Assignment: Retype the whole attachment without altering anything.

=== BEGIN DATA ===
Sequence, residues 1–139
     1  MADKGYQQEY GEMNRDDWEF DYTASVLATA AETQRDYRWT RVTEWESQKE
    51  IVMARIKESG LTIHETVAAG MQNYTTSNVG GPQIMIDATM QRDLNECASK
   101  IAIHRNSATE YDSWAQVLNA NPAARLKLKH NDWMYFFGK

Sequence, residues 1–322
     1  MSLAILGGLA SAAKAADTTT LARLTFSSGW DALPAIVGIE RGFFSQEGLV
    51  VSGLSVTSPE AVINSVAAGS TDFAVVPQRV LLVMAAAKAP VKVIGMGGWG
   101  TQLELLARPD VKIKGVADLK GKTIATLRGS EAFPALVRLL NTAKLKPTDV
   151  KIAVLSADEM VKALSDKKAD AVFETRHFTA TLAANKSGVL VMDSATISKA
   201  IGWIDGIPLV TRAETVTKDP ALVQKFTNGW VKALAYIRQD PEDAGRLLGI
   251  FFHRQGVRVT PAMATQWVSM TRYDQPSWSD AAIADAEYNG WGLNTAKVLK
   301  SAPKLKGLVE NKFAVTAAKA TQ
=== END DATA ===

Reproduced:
Sequence, residues 1–139
     1  MADKGYQQEY GEMNRDDWEF DYTASVLATA AETQRDYRWT RVTEWESQKE
    51  IVMARIKESG LTIHETVAAG MQNYTTSNVG GPQIMIDATM QRDLNECASK
   101  IAIHRNSATE YDSWAQVLNA NPAARLKLKH NDWMYFFGK

Sequence, residues 1–322
     1  MSLAILGGLA SAAKAADTTT LARLTFSSGW DALPAIVGIE RGFFSQEGLV
    51  VSGLSVTSPE AVINSVAAGS TDFAVVPQRV LLVMAAAKAP VKVIGMGGWG
   101  TQLELLARPD VKIKGVADLK GKTIATLRGS EAFPALVRLL NTAKLKPTDV
   151  KIAVLSADEM VKALSDKKAD AVFETRHFTA TLAANKSGVL VMDSATISKA
   201  IGWIDGIPLV TRAETVTKDP ALVQKFTNGW VKALAYIRQD PEDAGRLLGI
   251  FFHRQGVRVT PAMATQWVSM TRYDQPSWSD AAIADAEYNG WGLNTAKVLK
   301  SAPKLKGLVE NKFAVTAAKA TQ